The gig economy is on the rise with stats showing that millions of workers every year are choosing to trade their traditional employment for work on a per-project-basis. This is not surprising. The benefits that come with being a gig worker are huge. Contractors in the gig economy can choose whom to work with, often ditch the commute, enjoy more flexible schedules and a high income potential.
But being a gig worker is not all roses. Aside the downside of missing out on the health and retirement benefits that traditional workers enjoy as employees, one common issue is the ‘double-edged sword’ that gig platforms represent.
The gig economy is largely centralized and powered by platforms such as Uber, Airbnb, Fiverr, etc. which are the middlemen through which the worker is connected to and paid by the customer. They facilitate the crucial connections that keep the gig economy moving, for a fee of course. This is a good thing. But it’s also where the problem lies.
Due to the often high service fees these platforms charge, many gig workers only use and tolerate them as of necessity. It’s common for gig workers to lament the platforms taking a large percentage of a job’s value without offering many of the benefits traditional workers enjoy as employees. Plus, some of them hold payment for as long as three weeks before the gig worker can make withdrawals.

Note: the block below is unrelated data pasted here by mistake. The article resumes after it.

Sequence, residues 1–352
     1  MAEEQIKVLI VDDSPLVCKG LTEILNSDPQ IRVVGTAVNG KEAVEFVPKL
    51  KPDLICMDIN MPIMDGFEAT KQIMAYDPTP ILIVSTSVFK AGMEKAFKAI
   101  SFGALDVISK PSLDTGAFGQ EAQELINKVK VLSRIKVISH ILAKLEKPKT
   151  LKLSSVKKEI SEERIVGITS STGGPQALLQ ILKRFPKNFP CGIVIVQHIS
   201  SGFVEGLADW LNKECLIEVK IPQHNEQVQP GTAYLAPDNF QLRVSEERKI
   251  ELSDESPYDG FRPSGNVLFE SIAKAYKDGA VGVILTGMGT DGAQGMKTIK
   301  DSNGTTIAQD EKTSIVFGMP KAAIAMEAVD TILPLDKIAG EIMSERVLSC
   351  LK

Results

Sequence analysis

Blockchain and cryptocurrencies are often seen as possible solutions to these problems. The blockchain ledger system, with its rigidity and immutability, can be the perfect channel where contracts can be executed, communications stored and payments processed swiftly and securely, according to Zach Salter, co-founder of blockchain and cryptocurrency investment firm Zima Digital Assets.
I had a quick chat with him and he shares with me some important ways blockchain and cryptocurrencies can impact the gig economy and create more leverage for gig workers. He also shares some actionable tips…